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China market round-up: S&P issues first domestic rating, Italian Panda on the way, Bond Connect busier

Standard & Poor's S&P HQ New York from PA ratings 230x150
By Rebecca Feng
12 Jul 2019

In this round-up, S&P Global’s wholly-owned China unit gave its first onshore rating to ICBC Leasing, Italy will strengthen ties with the Mainland through a Panda bond and Bond Connect volumes rise.

S&P Global (China), a wholly-owned subsidiary of the US-based credit rating firm, issued its first domestic rating to a Chinese debt issuer on Thursday, according to a press release by the company.

S&P became the first, and the only global rating agency so far, to win a licence to operate onshore in January. It gave a AAA rating to a unit of Industrial and Commercial Bank of China, ICBC Leasing, for its domestic renminbi-denominated debt. ICBC Leasing is rated A by S&P Global, the parent company.


An Italian Panda bond may be finally coming, according to a joint statement issued by the two countries after the first Italy-China Finance Dialogue on Thursday.

Both sides agreed to strengthen collaboration in the financial industry and encourage qualified financial institutions to enter each other’s securities, insurance, wealth management and futures markets.


China’s June consumer price index (CPI) inflation reached 2.7% year-on-year, but producer price index (PPI) inflation eased by 0.6 percentage points, dropping to zero, according to data released by the National Bureau of Statistics.

CPI inflation was led by food prices, especially pork and fresh fruits. Non-food inflation moderated to 1.4% year-on-year in June from 1.6% in May.

“These are signs that demand, particularly in the manufacturing sector, is weak, and that bolder and more sustained policy easing and faster reforms are needed,” Julia Wang, senior economist for Greater China at HSBC, wrote in a Wednesday note.

Zhennan Li, a China economist at Goldman Sachs, added in a Wednesday note: “Overall, headline CPI inflation is likely to remain high in the coming months. But given the still material downside risks for growth, we believe monetary policy will stay accommodative and the repo rate should stay relatively low in the coming months.”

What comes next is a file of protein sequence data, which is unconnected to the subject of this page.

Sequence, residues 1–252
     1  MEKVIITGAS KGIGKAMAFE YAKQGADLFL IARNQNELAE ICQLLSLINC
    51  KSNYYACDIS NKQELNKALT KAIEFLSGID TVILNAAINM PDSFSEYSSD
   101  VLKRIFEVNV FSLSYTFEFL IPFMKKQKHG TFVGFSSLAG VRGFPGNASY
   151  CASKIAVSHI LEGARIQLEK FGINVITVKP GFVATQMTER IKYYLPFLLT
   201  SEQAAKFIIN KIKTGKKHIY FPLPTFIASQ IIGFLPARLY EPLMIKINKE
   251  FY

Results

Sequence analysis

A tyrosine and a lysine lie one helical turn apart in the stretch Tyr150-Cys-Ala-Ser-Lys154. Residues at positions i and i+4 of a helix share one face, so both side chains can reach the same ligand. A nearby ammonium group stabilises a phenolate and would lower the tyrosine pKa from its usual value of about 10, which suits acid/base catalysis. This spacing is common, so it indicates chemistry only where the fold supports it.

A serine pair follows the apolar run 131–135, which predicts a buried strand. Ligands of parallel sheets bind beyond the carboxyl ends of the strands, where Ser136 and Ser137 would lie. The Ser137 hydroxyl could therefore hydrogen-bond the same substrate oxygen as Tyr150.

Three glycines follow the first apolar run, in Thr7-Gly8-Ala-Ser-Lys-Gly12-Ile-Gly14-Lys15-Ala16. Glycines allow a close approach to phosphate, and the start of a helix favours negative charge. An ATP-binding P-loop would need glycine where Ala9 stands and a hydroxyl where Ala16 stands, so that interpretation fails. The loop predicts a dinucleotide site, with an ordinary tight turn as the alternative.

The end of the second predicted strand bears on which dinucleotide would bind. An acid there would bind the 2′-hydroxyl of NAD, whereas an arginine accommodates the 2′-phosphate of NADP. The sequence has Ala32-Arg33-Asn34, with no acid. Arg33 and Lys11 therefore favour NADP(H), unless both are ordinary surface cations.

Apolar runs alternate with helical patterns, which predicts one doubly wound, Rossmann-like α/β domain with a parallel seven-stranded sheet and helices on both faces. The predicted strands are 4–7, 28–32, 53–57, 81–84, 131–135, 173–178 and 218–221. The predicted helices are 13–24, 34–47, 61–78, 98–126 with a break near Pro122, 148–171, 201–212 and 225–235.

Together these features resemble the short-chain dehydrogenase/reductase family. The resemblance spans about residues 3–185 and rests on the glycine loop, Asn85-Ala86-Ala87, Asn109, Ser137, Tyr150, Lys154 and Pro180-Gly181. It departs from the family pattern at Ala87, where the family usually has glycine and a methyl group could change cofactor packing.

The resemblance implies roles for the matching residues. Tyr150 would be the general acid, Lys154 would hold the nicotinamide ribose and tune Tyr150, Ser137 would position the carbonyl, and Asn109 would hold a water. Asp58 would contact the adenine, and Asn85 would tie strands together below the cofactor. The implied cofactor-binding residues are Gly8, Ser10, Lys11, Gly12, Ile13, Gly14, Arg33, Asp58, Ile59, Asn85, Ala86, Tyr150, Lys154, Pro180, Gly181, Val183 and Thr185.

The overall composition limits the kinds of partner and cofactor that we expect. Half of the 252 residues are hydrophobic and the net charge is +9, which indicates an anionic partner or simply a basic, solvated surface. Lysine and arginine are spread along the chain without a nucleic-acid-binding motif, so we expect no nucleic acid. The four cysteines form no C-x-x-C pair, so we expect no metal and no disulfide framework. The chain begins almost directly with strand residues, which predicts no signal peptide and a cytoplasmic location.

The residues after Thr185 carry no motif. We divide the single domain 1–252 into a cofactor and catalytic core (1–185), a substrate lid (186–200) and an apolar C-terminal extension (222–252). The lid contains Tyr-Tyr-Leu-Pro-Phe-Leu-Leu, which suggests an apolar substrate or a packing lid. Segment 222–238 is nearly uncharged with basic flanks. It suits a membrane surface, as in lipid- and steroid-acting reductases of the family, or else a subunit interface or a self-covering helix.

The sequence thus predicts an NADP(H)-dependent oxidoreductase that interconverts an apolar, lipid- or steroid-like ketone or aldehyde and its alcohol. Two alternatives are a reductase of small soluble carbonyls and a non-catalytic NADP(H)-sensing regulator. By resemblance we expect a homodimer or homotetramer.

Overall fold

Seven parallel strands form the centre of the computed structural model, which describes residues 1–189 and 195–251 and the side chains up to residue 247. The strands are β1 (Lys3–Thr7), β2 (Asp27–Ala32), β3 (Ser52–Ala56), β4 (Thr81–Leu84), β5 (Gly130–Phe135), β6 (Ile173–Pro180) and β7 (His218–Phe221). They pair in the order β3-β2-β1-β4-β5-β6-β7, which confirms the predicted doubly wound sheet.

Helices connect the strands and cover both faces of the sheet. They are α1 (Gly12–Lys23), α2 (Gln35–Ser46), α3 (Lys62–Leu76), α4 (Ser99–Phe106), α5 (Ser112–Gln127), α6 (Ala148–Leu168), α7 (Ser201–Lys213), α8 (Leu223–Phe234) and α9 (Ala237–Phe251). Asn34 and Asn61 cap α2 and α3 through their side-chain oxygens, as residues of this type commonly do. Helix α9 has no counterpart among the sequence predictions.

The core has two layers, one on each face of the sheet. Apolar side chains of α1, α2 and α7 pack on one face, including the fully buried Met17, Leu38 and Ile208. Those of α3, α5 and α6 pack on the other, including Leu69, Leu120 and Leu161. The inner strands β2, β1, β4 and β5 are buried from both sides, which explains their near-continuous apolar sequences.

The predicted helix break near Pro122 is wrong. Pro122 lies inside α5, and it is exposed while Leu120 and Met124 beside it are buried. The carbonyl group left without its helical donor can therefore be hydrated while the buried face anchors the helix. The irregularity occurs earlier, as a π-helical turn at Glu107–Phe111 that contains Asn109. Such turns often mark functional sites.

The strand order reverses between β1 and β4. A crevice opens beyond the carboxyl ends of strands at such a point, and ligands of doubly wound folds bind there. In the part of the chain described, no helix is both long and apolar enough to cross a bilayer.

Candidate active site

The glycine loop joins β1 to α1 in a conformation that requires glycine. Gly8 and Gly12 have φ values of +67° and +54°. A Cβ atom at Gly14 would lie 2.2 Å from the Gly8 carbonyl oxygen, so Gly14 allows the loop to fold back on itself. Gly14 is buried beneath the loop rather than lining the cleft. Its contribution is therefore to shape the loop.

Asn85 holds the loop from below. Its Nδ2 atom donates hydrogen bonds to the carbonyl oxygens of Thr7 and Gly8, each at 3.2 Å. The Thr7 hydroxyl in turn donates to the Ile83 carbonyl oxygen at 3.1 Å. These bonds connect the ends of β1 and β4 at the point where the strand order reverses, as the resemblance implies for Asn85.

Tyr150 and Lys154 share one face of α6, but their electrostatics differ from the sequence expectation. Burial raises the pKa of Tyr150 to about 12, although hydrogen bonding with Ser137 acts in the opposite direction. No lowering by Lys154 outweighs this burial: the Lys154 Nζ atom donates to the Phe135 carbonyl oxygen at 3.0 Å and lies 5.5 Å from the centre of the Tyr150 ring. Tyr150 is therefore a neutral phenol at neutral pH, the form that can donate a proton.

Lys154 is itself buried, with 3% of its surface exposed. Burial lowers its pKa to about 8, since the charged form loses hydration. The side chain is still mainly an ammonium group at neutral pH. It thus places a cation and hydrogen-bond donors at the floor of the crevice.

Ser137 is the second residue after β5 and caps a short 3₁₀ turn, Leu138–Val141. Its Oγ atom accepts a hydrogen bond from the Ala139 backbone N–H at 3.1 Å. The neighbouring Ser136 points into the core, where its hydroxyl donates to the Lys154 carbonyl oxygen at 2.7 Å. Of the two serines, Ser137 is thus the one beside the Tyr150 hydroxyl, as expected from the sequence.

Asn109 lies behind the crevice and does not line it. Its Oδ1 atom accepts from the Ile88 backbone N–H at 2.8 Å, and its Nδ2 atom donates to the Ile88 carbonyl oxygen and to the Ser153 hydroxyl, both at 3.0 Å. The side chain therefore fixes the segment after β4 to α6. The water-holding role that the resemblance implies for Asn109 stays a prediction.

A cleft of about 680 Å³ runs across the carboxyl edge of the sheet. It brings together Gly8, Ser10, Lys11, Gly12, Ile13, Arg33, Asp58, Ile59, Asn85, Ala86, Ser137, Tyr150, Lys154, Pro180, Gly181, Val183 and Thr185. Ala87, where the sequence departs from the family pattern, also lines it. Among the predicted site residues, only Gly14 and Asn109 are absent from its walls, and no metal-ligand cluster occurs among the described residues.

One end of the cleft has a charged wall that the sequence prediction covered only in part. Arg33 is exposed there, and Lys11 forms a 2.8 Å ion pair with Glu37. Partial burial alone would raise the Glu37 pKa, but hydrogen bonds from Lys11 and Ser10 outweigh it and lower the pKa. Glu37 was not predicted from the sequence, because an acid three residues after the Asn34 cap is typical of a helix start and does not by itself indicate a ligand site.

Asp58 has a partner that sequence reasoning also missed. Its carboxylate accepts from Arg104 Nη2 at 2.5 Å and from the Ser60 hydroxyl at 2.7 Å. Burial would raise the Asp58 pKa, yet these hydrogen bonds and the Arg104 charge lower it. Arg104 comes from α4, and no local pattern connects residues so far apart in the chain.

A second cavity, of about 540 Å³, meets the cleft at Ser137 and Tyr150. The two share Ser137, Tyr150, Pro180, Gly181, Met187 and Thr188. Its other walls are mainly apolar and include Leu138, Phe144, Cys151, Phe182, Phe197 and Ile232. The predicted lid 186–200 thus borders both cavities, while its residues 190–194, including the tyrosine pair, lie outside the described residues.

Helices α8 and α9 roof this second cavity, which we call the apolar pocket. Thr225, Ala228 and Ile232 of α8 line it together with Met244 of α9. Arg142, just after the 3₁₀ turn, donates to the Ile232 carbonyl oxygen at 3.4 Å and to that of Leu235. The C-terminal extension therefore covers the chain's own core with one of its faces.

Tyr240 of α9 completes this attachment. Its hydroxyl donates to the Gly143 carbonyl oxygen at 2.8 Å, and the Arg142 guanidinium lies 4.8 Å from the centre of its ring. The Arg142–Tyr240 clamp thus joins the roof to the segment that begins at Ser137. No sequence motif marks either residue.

China’s foreign investment in the first half of the year grew 7.2% to Rmb478.3bn ($69.6bn), the Ministry of Commerce said in a press conference on Thursday.

Most of the foreign direct investments (FDI) went into high-tech industries including pharmaceutical, electronic and communication equipment manufacturing.

Investment in new FDI projects were worth Rmb109.3bn in June, an 8.5% year-on-year increase.

Investments from Hong Kong, Korea, Singapore and Germany increased by 4.8%, 63.8%, 10.5%, and 81.3% respectively.


Tradeweb saw an average daily trading volume in Chinese bonds through Bond Connect reaching a record high of $1.1bn in June, a 406% increase since the connect scheme launched in July 2017, according to the trading platform’s monthly activity report.

In other news, Standard Chartered’s Renminbi Globalisation Index, a measure of international usage of the renminbi, increased by 2.7% month-on-month in May, the fastest growth since August 2018, according to a research note on Thursday.

In addition, the share of renminbi-settled goods trade rose to 14.6% in May from an average of 13.8% in the first four months of the year, reaching Rmb378bn. This was the highest level since January 2016, according to the report. Foreign holdings of Chinese onshore bonds also increased by Rmb18.4bn in May and June combined.

By Rebecca Feng
12 Jul 2019